Self-sustaining fish tank? - Mothering Forums

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#1 of 5 Old 02-03-2011, 10:06 AM - Thread Starter
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I'm not asking out of laziness. We've had tanks in the far past, and they required lots of maintenance, and it always felt wierd to me, that we were obviously not keeping a tank that somewhat mimicked nature, requiring so much cleaning. And I've since been convinced that it's about balance, and that ours was off. That with the right size tank, the right plants, the right location, and the right type/mix and number of fish, you could create a more homeostatic environment that mostly regulated itself. Anyone have any experience with this?

 

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#2 of 5 Old 02-03-2011, 10:42 AM
 
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I think it would be very tough in a tank.  There are just a lot of factors missing to make it a "natural" environment.  A small outdoor fishpond however can be completely self-sustaining with a good pump/filter.  It is fun to feed the fish though, they become tame and will come when you call them.

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#3 of 5 Old 02-03-2011, 01:59 PM
 
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look up natural planted aquarium...or walstad method.

 

Basically, using a soil under gravel substrate, heavily planting and low (ish) lighting, the tank is fairly self sufficient.  It does take a bit of monitoring in the beginning, but with the right combo the plants clean and filter the water and the fish waste feeds the plants.  You also usually include snails and freshwater shrimp to help with the cleaning.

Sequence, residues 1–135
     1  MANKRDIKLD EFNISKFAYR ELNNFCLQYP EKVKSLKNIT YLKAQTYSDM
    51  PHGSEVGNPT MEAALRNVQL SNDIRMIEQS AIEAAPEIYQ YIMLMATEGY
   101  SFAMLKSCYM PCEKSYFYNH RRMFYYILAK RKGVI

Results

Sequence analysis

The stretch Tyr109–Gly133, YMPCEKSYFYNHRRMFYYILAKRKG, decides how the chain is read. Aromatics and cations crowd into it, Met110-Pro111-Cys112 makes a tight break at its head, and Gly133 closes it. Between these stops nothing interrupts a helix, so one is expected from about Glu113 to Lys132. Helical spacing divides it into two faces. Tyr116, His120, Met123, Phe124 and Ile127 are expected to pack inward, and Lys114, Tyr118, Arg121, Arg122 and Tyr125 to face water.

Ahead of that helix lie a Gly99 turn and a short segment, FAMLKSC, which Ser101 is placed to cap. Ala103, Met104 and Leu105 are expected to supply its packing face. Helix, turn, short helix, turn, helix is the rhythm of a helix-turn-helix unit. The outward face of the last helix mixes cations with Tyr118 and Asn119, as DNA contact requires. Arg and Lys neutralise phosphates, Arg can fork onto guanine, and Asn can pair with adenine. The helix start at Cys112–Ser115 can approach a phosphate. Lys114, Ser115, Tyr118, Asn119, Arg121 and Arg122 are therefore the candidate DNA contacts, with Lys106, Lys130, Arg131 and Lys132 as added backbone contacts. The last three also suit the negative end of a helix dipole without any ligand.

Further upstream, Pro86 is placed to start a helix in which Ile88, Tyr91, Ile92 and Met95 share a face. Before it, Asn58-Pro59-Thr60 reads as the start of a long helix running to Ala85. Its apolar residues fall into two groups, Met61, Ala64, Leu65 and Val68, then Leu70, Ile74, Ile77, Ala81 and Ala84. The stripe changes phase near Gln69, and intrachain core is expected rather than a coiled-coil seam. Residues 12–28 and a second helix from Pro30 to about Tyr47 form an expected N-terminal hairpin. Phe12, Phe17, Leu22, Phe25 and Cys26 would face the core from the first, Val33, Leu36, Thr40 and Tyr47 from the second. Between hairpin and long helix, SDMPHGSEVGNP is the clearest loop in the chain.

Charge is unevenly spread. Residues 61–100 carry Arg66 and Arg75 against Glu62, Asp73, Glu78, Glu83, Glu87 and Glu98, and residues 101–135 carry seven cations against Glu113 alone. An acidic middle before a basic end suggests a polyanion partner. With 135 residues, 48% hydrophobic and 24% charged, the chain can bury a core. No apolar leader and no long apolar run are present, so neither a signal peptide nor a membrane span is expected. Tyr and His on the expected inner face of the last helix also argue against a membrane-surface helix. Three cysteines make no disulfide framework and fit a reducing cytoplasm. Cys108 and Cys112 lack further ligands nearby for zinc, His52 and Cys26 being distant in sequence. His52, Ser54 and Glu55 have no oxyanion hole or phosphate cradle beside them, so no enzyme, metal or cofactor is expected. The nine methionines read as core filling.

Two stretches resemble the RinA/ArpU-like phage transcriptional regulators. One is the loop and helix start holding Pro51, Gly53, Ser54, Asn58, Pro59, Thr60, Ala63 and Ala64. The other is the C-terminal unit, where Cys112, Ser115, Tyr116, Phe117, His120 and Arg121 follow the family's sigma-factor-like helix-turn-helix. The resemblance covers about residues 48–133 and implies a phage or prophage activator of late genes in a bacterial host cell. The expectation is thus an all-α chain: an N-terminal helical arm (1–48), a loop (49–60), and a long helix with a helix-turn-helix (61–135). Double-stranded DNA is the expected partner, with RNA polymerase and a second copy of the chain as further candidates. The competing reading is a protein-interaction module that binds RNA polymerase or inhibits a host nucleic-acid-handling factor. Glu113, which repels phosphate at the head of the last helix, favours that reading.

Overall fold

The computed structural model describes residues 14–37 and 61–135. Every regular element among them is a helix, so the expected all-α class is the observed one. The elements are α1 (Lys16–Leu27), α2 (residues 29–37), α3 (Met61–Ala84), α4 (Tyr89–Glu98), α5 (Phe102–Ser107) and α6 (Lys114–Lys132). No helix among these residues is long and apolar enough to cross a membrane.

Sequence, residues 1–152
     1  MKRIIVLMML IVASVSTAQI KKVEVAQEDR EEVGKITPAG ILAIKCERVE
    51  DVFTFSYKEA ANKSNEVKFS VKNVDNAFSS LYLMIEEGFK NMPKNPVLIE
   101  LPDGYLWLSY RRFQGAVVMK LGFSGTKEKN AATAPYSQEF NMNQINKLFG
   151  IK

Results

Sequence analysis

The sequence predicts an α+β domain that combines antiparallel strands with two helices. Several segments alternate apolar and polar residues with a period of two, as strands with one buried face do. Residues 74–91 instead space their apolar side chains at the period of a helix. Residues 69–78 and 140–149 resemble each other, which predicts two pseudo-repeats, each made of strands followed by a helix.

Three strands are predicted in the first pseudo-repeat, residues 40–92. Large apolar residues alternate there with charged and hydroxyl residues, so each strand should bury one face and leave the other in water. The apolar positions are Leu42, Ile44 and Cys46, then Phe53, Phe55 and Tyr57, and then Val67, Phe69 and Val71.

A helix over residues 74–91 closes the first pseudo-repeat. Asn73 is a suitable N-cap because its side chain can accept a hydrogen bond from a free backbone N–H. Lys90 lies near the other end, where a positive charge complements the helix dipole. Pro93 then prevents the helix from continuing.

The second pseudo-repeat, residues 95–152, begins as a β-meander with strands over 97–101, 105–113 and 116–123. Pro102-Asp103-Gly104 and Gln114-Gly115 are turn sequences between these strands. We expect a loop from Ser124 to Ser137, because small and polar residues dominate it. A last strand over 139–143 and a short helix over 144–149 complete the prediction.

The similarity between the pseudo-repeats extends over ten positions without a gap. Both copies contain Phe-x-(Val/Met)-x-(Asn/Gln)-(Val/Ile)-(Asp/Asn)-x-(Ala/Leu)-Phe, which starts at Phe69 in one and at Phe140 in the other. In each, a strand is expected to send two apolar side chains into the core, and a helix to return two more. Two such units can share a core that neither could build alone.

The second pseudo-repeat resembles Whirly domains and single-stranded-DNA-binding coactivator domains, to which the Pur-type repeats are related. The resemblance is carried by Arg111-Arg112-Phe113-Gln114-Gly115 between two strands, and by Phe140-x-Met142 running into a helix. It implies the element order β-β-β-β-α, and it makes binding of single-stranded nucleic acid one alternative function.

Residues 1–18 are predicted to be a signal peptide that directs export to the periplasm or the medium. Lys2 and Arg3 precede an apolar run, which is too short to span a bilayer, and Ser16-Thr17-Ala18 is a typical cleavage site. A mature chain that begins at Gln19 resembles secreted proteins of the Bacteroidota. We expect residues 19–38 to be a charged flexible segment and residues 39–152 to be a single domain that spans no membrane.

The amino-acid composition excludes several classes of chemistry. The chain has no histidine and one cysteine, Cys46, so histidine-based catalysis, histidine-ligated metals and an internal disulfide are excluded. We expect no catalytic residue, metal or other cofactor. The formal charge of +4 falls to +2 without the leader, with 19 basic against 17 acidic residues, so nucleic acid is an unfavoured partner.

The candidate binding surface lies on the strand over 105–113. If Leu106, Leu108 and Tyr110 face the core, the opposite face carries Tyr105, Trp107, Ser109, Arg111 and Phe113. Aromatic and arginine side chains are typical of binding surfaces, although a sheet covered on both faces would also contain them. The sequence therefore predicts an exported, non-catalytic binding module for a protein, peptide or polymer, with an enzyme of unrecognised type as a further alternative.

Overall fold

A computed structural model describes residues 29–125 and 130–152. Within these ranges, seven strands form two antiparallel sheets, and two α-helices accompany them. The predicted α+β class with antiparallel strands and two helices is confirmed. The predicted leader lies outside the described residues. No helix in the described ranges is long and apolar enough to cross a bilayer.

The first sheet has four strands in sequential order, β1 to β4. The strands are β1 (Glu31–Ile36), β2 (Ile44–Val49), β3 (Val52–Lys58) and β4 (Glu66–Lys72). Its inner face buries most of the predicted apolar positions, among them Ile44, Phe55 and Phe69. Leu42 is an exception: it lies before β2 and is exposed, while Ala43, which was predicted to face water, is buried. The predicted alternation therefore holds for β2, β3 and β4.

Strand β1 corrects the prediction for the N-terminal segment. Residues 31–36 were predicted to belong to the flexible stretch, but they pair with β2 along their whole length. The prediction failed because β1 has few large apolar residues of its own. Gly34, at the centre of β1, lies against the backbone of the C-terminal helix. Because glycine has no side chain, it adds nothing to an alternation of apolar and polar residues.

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#4 of 5 Old 02-08-2011, 11:07 AM
 
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You will always have to do partial water changes, even with plants. Fish waste will build up, and there's nowhere for it to go. A large planted tank with a very light fish load has a much greater margin for error, but I don't think there's such a thing as a maintenance-free fish tank (not with healthy fish, anyway).

 

I have three large, heavily planted tanks, and the plants are a lot of work! They need to be trimmed and thinned regularly; it's a lot more difficult to clean the gravel around the plants. Yes, fish poo does act as fertilizer for the plants, but there is a limit. Filters still need to be cleaned periodically, heaters still need to be monitored, light bulbs changed, fish fed. I consider them the same way I do my dog - he needs a certain amount of daily attention (food, walks, yard cleanup), and so do the fishies.


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#5 of 5 Old 02-08-2011, 04:50 PM
 
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Seriously, read the walstad book and research her method.  She has had amazing results.  Its not maitenance free no....but its very low maintenance.  I have not done a water change in months on my tank and its thriving.  


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